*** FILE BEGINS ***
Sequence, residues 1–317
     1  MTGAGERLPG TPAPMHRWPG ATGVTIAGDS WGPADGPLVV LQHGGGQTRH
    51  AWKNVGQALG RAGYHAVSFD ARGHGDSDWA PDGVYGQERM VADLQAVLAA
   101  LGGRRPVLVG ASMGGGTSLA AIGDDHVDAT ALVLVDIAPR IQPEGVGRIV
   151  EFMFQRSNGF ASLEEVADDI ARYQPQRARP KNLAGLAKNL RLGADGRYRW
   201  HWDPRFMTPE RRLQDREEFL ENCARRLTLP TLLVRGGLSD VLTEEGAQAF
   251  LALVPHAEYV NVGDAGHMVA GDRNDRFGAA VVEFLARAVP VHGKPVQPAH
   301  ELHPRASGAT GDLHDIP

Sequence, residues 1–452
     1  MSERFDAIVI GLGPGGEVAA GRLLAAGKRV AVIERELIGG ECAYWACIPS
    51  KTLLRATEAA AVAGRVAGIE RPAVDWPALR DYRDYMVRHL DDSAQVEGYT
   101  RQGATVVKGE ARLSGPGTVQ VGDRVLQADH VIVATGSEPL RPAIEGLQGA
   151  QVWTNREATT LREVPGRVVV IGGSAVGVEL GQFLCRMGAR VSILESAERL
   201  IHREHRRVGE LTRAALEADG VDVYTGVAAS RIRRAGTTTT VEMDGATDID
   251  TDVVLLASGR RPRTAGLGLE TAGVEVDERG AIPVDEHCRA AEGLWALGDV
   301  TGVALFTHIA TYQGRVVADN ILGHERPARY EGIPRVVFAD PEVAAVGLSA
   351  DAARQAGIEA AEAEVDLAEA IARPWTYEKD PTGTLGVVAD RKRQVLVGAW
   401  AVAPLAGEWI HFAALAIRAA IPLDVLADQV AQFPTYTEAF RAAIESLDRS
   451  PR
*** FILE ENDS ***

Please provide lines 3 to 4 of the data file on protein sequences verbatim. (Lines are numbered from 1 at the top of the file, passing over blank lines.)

    51  AWKNVGQALG RAGYHAVSFD ARGHGDSDWA PDGVYGQERM VADLQAVLAA
   101  LGGRRPVLVG ASMGGGTSLA AIGDDHVDAT ALVLVDIAPR IQPEGVGRIV